Metal detectorist unearths rare gold coins from Black Death period

The gold noble coin, as seen from different angles.
The medieval gold noble coin, as seen from different angles. (Image credit: The British Museum; (CC BY 2.0))

A metal detectorist in England has unearthed two rare gold coins that date to the mid-14th century, a time when Black Death was ravaging the country.

Both medieval coins depict Edward III, who tried to introduce gold coinage to England starting in 1344. One of the newfound coins — a leopard coin (also called a half florin), issued from January to July 1344 — was considered "failed" because the mint charges were too high and the value assigned to the leopard coins overvalued gold against silver, according to a June 17 statement from the Portable Antiquities Scheme (PAS).

Edward III tried to rectify these monetary problems by introducing new coins from July 1344 until 1351, when the other newfound coin was minted. This coin, called a gold noble, weighed nearly 0.3 ounces (7.7 grams), more than twice as much as the 0.12-ounce (3.5 g) leopard.

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The metal detectorist found both gold coins near the town of Reepham in Norfolk County in October 2019, but PAS archaeologists have only now finished their assessments of the coins. As for how the coins ended up in the ground, archaeologists have proposed two possibilities. "It seems likely that both coins went into the ground at the same time, either as part of a purse loss or as part of a concealed hoard," according to a statement from PAS, a project managed by the British Museum in England and Amgueddfa Cymru – National Museum Wales that analyzes and preserves valuable artifacts found in the U.K.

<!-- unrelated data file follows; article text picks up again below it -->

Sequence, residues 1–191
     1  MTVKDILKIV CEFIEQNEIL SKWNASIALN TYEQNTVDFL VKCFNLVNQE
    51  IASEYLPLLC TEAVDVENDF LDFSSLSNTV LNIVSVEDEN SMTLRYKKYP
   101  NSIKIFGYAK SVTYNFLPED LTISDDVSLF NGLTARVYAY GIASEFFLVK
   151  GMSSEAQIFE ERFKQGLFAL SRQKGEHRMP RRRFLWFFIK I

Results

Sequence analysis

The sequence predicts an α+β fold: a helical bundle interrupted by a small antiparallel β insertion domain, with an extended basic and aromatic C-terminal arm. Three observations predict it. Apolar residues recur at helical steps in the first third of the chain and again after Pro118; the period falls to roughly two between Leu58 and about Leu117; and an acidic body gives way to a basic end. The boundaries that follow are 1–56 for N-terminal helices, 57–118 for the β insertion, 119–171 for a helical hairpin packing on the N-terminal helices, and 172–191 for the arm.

The coins were folded in half but were otherwise in good condition, with minor scuffing that was likely caused by agricultural activity. The leopard is 23 karats, meaning it's about 96% pure gold, PAS reported. If the local coroner, an independent legal official, holds an inquest to review coins, they may qualify as "treasure," a PAS term used to describe two or more silver or gold coins from the same find that are at least 300 years old.

The rare gold leopard coin was minted in 1344.

Edward III had this rare gold leopard coin minted in 1344. (Image credit: CC BY 2.0 (opens in new tab))

The discovery of the leopard is especially remarkable, given that not many of these coins were minted and "hardly any have survived," Helen Geake, a finds liaison officer for PAS, told the BBC. There are just three leopard coins in public museums today, PAS reported.

Whoever owned the two coins was "at the top of society," Geake added. Back then, their worth was equivalent to $16,700 (12,000 British pounds) in today's money.

Following the Norman Conquest in the 11th century, the only coins used in England were silver pennies, Geake told the BBC. "Then Edward III decided to reintroduce the first gold coins in England since the Anglo-Saxon era — and no one knows why."

The new system used florins (or double leopards), leopards and helms (or half leopards). However, Edward III's new money denominations didn't catch on with the public. Maybe because "when one or two pennies were the equivalent of a day's wages … perhaps very few people used them," because their denominations were too high, Geake told the BBC.

The leopard's failure led to the creation of the noble, she noted. However, while a florin was worth 6 shillings, a leopard 3 shillings and a helm 1 shilling, 6 pence, the noble also had a high worth of 6 shillings, 8 pence, according to PAS. 

The new finding shows that leopards were in circulation longer than previously thought. One possibility for the leopard's unexpectedly long reign is that the Black Death came to England in the late 1340s, killing at least a third of the population, Geake said. 

"Usually, the authorities would be keen to remove a withdrawn coin as soon as possible," but the Black Death likely had them otherwise occupied, she said.

Originally published on Live Science.

Laura is the archaeology/history and Life's Little Mysteries editor at Live Science. She also reports on general science, including archaeology and paleontology. Her work has appeared in The New York Times, Scholastic, Popular Science and Spectrum, a site on autism research. She has won multiple awards from the Society of Professional Journalists and the Washington Newspaper Publishers Association for her reporting at a weekly newspaper near Seattle. Laura holds a bachelor's degree in English literature and psychology from Washington University in St. Louis and a master's degree in science writing from NYU.